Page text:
There seem to be equal quantities of bicycles and cars in this town. After being in Venice, i was a little out of practice in sharing the road with them.

Padova has an endless series of arcaded streets, which provide a cool breeze on a hot day, and shelter in the rain.

The Basilica di Sant' Antonio is surrounded by some peaceful cloisters, and the monastery here is still active.

Sant' Antonio houses a bunch of relics of Padova's patron saint, Saint Anthony. Among other body parts on display, his tongue is preserved in a glass and gold jar. I would not have known that it was a tongue if I hadn't been told, because it looked nothing like flesh. Photography is strictly prohibited within, but I must say that after seeing Hagia Sophia, which was built in 537, the church, built around 1200 could not help but seem dark and a bit stifling. It's amazing that I'm still more and more impressed with Hagia Sophia, and I'm now nowhere near it.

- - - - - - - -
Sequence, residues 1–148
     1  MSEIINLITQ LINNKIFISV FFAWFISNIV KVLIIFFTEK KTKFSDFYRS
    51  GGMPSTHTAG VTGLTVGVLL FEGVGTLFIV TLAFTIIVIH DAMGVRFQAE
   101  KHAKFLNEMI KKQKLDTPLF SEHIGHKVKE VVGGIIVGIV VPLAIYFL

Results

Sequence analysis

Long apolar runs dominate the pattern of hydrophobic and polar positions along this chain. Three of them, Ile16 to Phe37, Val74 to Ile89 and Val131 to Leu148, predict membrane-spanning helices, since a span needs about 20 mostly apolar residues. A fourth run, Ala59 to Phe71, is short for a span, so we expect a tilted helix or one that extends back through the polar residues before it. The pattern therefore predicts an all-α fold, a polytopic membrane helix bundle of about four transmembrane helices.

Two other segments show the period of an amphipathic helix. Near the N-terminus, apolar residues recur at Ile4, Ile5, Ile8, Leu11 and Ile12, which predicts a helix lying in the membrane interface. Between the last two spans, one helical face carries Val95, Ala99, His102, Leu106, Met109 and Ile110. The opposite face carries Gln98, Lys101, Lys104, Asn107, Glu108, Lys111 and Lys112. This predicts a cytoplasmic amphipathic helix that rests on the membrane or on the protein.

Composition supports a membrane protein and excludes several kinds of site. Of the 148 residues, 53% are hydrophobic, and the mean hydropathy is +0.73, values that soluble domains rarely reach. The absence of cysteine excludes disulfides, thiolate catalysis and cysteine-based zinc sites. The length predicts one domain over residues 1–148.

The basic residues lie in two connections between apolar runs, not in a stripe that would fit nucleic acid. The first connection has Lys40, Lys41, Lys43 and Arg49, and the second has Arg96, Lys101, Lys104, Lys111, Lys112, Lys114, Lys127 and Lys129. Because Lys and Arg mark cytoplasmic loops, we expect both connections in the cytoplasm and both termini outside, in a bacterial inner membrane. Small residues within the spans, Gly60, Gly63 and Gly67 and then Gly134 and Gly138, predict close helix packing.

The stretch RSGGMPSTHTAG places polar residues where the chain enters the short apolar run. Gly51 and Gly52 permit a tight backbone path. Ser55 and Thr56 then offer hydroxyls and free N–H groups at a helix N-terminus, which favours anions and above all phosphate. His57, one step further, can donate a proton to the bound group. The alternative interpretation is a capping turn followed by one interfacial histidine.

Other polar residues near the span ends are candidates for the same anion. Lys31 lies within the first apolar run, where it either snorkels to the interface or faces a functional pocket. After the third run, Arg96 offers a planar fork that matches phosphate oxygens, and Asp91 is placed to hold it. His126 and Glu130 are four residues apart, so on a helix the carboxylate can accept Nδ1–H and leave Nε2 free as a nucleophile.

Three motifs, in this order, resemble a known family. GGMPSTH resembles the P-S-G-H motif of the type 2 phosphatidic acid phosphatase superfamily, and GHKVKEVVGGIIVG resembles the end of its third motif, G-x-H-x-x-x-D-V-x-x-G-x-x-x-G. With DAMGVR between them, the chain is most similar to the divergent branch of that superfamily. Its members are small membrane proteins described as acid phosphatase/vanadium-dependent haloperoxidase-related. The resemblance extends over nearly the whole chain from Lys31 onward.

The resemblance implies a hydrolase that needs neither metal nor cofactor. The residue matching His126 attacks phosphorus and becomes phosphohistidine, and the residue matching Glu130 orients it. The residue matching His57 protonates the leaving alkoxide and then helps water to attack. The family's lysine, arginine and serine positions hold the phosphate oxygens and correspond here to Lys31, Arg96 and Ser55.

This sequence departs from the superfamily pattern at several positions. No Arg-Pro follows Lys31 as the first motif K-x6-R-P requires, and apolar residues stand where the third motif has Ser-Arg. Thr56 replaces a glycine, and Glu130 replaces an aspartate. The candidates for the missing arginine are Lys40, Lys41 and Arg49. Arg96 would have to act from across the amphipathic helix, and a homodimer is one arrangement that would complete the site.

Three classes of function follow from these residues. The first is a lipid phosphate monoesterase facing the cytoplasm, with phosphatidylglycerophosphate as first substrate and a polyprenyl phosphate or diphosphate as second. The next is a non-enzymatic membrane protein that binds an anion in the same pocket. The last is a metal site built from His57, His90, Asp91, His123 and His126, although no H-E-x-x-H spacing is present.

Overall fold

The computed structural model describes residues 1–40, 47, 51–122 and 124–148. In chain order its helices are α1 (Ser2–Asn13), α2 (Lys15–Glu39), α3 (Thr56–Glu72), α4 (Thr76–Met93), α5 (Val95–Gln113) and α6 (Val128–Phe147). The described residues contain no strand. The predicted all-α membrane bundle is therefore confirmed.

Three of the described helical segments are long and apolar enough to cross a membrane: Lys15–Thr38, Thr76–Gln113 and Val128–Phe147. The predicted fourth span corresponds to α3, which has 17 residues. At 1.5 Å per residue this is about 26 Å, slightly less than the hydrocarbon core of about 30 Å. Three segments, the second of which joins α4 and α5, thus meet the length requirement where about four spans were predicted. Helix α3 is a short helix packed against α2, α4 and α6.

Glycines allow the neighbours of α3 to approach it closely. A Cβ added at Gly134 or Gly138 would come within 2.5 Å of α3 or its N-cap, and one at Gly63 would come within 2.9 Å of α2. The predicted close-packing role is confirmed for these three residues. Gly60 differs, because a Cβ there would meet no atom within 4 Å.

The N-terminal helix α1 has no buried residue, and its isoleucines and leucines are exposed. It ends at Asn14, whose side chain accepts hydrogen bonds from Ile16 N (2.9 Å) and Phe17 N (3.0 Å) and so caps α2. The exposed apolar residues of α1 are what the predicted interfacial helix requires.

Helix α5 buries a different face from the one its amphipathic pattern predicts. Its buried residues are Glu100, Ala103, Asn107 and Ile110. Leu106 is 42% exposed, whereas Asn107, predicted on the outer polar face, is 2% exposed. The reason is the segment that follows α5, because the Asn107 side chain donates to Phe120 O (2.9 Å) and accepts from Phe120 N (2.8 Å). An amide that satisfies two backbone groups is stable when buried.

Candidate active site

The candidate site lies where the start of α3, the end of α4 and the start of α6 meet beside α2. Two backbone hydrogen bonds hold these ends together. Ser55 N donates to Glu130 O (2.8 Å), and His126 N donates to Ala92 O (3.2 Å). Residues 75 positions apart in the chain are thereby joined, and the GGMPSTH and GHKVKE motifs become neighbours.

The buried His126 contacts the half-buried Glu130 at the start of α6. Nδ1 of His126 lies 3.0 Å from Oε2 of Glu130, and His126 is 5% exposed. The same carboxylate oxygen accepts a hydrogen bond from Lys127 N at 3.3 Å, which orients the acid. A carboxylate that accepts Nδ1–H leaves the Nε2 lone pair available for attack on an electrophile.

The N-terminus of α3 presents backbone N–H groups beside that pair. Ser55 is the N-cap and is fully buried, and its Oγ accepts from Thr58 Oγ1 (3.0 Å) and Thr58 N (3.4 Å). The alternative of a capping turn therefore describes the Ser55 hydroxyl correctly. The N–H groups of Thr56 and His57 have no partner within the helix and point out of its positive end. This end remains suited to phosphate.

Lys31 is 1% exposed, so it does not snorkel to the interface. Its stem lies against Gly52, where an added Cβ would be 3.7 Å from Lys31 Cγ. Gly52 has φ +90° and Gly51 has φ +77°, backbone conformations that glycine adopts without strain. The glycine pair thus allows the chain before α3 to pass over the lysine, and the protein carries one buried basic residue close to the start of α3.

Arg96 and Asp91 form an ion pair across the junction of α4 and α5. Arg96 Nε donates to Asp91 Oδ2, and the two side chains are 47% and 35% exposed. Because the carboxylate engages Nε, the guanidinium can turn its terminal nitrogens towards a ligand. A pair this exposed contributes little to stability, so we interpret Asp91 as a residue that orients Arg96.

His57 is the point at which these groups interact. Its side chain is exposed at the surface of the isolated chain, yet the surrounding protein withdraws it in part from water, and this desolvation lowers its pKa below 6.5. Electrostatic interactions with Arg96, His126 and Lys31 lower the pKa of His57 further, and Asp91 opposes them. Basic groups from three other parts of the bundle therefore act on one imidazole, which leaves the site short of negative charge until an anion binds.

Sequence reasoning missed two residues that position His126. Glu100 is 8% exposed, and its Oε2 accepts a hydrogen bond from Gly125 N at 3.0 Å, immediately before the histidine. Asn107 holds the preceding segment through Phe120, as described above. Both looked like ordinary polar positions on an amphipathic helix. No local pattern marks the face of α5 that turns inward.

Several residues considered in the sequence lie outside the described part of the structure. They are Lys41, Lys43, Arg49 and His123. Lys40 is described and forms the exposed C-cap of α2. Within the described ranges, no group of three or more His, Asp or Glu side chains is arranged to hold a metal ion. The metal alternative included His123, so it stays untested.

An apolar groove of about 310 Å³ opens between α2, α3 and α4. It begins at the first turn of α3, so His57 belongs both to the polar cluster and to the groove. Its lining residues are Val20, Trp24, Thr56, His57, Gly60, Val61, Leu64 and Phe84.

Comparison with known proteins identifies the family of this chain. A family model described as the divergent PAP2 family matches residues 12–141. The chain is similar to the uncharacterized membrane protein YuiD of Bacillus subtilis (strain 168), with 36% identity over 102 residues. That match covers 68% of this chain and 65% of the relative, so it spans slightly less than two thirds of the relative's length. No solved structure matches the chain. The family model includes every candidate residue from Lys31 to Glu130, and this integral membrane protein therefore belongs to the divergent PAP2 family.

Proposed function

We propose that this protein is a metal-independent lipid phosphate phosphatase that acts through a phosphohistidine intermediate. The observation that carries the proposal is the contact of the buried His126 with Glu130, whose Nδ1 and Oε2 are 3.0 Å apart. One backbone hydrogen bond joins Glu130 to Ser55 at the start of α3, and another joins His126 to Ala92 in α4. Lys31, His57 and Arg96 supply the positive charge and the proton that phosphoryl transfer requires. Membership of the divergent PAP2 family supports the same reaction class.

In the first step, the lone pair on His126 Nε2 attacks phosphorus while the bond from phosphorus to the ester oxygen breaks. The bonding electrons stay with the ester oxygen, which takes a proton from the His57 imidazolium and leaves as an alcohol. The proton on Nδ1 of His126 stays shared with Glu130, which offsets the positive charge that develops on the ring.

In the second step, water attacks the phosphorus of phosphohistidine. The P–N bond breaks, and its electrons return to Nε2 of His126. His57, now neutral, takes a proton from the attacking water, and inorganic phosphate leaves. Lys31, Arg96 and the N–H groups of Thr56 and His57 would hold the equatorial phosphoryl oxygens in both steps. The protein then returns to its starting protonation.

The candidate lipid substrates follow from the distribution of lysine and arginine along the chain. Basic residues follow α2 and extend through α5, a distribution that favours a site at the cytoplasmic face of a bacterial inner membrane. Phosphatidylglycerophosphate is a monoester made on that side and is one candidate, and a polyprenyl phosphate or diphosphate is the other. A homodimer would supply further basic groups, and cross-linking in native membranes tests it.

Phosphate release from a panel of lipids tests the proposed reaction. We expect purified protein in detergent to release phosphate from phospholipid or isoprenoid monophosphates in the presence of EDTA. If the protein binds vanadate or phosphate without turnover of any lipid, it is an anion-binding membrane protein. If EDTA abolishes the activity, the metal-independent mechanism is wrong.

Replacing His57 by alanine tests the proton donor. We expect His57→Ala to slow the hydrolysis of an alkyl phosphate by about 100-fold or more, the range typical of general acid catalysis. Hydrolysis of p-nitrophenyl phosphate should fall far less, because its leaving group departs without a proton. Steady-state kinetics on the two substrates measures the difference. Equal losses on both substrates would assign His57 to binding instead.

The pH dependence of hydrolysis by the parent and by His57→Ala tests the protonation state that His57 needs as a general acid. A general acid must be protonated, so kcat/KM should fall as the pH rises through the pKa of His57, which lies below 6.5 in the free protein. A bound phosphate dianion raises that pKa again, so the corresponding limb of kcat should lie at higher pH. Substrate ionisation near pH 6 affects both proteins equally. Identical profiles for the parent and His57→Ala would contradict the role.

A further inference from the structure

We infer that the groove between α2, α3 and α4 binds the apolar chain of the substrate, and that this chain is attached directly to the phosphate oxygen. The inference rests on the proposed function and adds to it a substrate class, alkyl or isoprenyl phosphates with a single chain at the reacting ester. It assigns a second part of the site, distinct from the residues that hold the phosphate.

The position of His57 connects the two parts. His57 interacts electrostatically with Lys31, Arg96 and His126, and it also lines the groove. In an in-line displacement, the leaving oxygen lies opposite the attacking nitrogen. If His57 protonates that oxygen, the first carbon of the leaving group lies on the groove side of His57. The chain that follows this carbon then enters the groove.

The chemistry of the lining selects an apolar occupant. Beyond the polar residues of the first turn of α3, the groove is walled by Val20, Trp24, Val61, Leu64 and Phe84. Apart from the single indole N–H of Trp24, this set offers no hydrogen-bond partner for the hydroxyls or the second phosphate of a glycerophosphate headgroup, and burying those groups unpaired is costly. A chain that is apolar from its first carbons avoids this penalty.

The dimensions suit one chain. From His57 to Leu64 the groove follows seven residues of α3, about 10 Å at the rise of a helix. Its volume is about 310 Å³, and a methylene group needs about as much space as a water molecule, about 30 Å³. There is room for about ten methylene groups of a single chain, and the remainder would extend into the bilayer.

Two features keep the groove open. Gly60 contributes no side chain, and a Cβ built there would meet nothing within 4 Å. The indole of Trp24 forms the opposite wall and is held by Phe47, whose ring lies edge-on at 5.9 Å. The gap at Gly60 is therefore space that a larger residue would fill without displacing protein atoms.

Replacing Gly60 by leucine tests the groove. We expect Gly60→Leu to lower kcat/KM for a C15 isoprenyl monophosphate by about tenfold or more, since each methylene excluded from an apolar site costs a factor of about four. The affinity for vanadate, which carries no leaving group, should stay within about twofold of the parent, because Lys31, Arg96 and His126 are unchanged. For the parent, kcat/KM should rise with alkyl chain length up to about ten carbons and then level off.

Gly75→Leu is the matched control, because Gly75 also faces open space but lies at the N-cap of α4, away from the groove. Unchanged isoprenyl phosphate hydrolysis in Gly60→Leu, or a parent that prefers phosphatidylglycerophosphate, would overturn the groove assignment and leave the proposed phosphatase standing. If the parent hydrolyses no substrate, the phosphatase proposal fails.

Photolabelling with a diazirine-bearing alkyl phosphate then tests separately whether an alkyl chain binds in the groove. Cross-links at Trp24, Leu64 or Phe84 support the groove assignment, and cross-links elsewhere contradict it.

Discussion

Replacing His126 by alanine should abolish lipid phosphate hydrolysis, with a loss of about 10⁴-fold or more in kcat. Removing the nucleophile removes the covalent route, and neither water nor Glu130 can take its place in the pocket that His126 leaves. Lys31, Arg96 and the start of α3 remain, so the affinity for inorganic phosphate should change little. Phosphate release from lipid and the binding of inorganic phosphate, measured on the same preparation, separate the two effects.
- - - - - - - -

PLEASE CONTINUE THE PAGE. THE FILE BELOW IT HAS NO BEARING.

Next to Sant' Antonio, the Scoletta del Santo (pictured here) contains a number of early Titians, and the neighboring Oratorio di San Giorgio is covered in frescoes by Altichiero da Zevio and Jacopo Avanzi. For some reason, these are not at all popular with tourists, and while I was joined by the sleepy guard at the Oratorio, he let me into the Scoletta all by myself (which is why you see a photo of it). I was thoroughly impressed by the Oratorio, and after later seeing Giotto's frescoes, it was interesting to see how much painting had changed in sixty years. The frescoes depict the lives of Saints George and Lucy, and it was fascinating to look at them as precursors to comic books. I was particularly taken with Saint Lucy's story, and her face was recognizable in each frame. In one panel, which reads from left to right, she appears three times in the same scene, escaping death twice, and succumbing to a ruffian's knife.